Once people have decided to make a change, trust me: They will find their own way to the information, tools, and resources they need. If they want your input or advice, they'll ask for it. And you can't worry about whether the information they find is "right" or not. If it doesn't work, they'll keep looking. Keep in mind that the things that motivate and work for them may be different than what works for you.

Once someone you care about has made a commitment to a healthy lifestyle, there's a lot you can do to support them. 

I also wanted to circle back to part of Alyssa’s question. She asked for tips for people just starting out on the healthy eating journey. And maybe some of you listening are here because you’re just starting out on that path. So for you, here are a few thoughts on how to get started—because there’s a lot of information out there and it can get overwhelming really fast. 

There are so many nutrients that you might be deficient in, so many exotic foods that fight this or that condition or reduce your risk. And then there’s all the dangers: the toxic ingredients or special ways that foods MUST be prepared or combined in order to retain their nutrient value.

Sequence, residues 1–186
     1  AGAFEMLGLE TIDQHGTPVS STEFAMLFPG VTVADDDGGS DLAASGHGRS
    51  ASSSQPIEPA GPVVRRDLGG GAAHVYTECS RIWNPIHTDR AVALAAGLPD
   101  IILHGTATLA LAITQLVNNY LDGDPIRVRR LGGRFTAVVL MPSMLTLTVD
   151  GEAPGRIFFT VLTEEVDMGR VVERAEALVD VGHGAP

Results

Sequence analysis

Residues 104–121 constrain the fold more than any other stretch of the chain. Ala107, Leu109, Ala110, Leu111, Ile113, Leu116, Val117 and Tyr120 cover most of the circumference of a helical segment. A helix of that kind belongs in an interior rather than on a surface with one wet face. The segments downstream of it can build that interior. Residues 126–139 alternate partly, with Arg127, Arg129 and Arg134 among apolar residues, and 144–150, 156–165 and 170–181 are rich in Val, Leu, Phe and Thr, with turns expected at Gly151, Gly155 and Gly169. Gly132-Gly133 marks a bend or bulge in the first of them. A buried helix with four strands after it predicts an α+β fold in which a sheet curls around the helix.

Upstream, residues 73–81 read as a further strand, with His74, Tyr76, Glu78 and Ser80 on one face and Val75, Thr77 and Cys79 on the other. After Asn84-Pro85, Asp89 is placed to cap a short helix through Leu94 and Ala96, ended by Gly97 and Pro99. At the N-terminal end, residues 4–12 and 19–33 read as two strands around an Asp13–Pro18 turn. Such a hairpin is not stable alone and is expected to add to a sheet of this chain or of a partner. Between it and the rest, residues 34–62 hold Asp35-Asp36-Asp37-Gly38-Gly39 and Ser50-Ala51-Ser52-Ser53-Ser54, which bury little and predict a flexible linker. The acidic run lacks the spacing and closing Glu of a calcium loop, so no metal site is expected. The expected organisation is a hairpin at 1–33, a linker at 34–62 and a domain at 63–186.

And part of this is just the reality of the information economy. In order to keep your attention, news needs to remain new. And so a lot of the research that makes the evening news or internet sites is preliminary research that’s not really ready for prime time. It’s an initial finding in rats, or in 5 20-year-old athletes, or some other somewhat irrelevant population, that requires more research or doesn’t necessarily translate into actionable advice.

An even better way to get attention in a very noisy media environment is to come up with an approach that’s completely contrary to conventional wisdom. Like declaring that eating grains is bad for your brain. Or that saturated fat is really good for you. Or that eating meat will give you cancer. Or that beans and legumes are full of toxins. Each of these ideas, by the way, was promoted in books that spent months on the New York Times best-seller list.